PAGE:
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Drought stress alters floral volatiles and reduces floral rewards, pollinator activity, and seed set in a global plant

Caitlin C. Rering, Jose G. Franco, Kathleen M. Yeater, Rachel E. Mallinger
Ecosphere 2020 v.11 no.9 pp. e03254
Bombus, Diptera, Fagopyrum esculentum, buckwheat, chemical composition, drought, emissions, floral characteristics, flowers, honey, honey bees, nectar, pollen, pollinating insects, reproductive success, seed set, seed weight, sucrose, water stress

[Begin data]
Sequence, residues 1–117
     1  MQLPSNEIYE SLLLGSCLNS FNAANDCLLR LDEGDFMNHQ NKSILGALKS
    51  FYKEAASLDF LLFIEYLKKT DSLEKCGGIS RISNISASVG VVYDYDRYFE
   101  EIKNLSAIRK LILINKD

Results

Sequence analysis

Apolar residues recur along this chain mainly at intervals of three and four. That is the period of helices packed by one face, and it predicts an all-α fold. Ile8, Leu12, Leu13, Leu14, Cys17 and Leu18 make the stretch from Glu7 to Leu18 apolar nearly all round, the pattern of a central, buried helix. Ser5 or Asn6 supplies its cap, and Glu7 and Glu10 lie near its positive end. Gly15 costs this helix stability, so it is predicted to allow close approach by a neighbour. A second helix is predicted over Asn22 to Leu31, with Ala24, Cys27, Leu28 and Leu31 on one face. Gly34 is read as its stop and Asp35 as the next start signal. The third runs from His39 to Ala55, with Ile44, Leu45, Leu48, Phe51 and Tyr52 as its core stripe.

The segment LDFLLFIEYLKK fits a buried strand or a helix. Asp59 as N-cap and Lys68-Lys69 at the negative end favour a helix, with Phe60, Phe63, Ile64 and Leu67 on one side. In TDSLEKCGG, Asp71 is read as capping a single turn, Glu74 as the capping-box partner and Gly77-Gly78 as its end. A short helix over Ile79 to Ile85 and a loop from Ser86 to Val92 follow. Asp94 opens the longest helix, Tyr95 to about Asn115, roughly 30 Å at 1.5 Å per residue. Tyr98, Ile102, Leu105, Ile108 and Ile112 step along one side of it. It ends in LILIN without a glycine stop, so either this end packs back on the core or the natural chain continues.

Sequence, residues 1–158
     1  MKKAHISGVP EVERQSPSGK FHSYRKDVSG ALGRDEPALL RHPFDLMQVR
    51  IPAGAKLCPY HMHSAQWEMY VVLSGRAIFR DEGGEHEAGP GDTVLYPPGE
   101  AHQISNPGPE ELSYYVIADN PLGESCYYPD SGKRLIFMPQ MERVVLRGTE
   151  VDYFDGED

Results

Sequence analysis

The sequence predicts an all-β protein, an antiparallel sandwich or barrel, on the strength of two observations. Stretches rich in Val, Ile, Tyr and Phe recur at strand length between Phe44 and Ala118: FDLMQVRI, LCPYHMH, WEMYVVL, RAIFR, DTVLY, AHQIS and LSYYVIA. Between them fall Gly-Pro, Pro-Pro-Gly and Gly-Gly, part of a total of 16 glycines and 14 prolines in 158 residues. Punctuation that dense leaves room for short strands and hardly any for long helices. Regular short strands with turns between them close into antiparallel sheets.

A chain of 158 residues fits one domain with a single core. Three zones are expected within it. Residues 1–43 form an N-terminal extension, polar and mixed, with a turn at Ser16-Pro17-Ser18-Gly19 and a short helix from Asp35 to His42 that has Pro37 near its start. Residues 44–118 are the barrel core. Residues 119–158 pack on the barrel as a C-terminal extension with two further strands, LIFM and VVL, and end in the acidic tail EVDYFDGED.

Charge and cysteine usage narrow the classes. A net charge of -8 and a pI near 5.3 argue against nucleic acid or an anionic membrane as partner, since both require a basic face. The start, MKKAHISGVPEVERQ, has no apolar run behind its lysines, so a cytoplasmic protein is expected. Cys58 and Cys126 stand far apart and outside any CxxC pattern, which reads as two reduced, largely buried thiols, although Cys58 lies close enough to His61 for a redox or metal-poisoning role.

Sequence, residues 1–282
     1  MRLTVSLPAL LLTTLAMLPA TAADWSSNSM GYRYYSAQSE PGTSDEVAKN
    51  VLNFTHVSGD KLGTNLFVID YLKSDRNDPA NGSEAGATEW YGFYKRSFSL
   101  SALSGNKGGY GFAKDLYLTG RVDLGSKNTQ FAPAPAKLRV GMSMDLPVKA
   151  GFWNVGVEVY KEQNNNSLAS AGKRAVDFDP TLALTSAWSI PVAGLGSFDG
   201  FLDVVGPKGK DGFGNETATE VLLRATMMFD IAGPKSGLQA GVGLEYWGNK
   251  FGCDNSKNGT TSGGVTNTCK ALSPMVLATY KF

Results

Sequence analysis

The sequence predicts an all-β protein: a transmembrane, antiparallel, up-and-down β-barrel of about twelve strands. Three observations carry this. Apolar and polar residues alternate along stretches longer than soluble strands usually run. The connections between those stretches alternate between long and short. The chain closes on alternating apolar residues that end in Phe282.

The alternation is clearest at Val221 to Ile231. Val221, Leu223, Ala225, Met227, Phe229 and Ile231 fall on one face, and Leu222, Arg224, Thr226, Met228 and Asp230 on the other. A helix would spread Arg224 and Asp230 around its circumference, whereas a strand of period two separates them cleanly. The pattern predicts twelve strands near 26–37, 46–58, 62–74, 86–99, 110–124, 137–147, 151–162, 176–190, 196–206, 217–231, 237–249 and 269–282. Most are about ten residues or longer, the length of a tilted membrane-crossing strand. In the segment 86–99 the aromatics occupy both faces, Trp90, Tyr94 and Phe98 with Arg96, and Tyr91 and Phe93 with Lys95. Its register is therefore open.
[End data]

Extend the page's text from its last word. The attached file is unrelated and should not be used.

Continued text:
Plant–pollinator interactions are mediated by floral signals and by the quantity and quality of floral rewards. Biotic and abiotic disturbances can influence plant reproductive success through both direct effects on plant performance and indirect effects on pollinator attraction. In this study, we examined the effects of drought on buckwheat (Fagopyrum esculentum Moensch), a globally cultivated plant that is prone to drought stress, dependent on insect pollinators for reproduction, and increasingly utilized in on‐farm conservation. Between drought‐stressed and control plants, we compared: nectar quantity and chemical composition, pollen quantity, floral volatile emissions, visits by both managed and wild pollinators, and plant reproductive success. Drought‐stressed plants produced significantly fewer flowers and less nectar per flower, though pollen quantity per flower was unaffected. Nectar from drought‐stressed plants had a lower proportion of sucrose relative to total sugars, though overall sugar concentration was unaffected. Significantly fewer bumble bees, honey bees, and flies were recorded on drought‐stressed plants. While there was no significant difference in the quantity of total floral volatile emissions, volatile compositions differed, with drought‐stressed plants having higher emissions of (Z)‐3‐hexenol, isobutyraldehyde, 2‐methylbutanal, and 3‐methylbutanal. Finally, drought stress had negative effects on seed set and total seed mass per plant. Our results show that drought stress can have significant effects on floral traits and pollinator attraction, reducing plant reproductive success, and the nectar resources available to pollinators. Thus, the potential value of this plant in pollinator conservation and as a honey plant may be reduced under drought stress.